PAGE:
Addictive Cravings Still Identifiable In The Brain After Death

By Britni de la Cretaz 12/28/16

New research has uncovered "dependence memory," a discovery that could change the way we approach addiction treatment for the better. 

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Doctor examining an MRI of the brain.

For the first time, researchers have demonstrated that addictive cravings are still detectable in the brain after death. A new study out of the Medical University of Vienna found these results.

According to the researchers, “a protein known as FosB in the reward center of the brain alters in chronically ill people suffering from an addictive disorder (e.g. heroin addiction).” The change that the drug causes means that this protein remains longer in the brain than it would in its natural form; it can persist as long “as several weeks after withdrawal of the drug.” This explains why addictive cravings may persist after someone is physically detoxed from drugs or alcohol.

The study was led by Monika Seltenhammer of MedUni Vienna's Department of Forensic Medicine and published in the Journal of Addiction Research & Therapy. Researchers say “this addictive craving is stored in a sort of ‘memory’ function and, surprisingly, can still be detected after death.” This is called “dependence memory.”

Researchers have long known that addiction has a detectable impact on the brains of those who suffer from it, but now those changes have been shown postmortem. Researchers estimate that these changes may last even longer in living people, perhaps as long as months.

These findings could have a huge impact on drug treatment and the way support is provided to people trying to manage their addiction. "If the addictive craving persists in the brain for months, it is very important to provide protracted after-care and corresponding psychological support," says Seltenhammer. This could mean a better understanding of why “spin dries” in detox facilities often don’t work, leading people to relapse soon after being released from detox when they no longer have a physical dependence on a drug.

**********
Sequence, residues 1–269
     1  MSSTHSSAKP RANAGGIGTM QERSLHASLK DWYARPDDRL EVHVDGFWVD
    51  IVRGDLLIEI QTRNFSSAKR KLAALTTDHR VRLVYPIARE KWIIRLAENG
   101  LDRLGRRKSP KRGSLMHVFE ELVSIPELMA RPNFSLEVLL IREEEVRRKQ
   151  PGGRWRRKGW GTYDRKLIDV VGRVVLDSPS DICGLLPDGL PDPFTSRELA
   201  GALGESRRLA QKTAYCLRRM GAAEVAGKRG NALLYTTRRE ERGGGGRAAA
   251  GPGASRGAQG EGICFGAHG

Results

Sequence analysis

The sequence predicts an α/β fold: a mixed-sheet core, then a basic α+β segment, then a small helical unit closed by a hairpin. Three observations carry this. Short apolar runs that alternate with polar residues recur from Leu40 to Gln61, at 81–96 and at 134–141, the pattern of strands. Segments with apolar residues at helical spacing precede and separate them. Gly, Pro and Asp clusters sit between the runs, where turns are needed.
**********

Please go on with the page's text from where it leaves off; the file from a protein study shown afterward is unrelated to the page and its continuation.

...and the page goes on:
At a time when advocates, healthcare professionals, and legislators are working to find the best approach to treating opioid addiction, research that gives insight into how addiction affects the brains and bodies of those who suffer is indispensable.

Each new study is a piece of the puzzle that can hopefully lead to a fuller understanding of how best to treat the disease that has long baffled so many, including those who struggle with it.

Researchers hope to continue their work to gain a better understanding of how activation of this protein can be prevented to hopefully “treat the onset of addictive behavior.”

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Britni de la Cretaz is a freelance writer, baseball enthusiast, and recovered alcoholic living in Boston. Follow her on Twitter at @britnidlc.

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